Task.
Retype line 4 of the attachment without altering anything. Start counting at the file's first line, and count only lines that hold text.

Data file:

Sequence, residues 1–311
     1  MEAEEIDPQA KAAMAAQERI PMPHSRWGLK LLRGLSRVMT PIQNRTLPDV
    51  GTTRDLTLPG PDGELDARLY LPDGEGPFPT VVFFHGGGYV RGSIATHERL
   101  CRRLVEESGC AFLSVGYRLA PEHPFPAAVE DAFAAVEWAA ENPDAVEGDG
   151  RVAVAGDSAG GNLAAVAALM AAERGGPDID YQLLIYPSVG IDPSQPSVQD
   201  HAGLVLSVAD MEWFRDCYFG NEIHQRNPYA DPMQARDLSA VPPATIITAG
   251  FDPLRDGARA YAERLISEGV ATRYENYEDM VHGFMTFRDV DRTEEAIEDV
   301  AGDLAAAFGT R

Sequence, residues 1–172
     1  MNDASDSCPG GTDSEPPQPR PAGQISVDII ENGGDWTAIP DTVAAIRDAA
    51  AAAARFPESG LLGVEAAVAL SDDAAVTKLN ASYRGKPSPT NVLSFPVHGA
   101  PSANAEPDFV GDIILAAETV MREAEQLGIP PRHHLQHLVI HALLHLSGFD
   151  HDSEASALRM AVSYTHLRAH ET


   101  CRRLVEESGC AFLSVGYRLA PEHPFPAAVE DAFAAVEWAA ENPDAVEGDG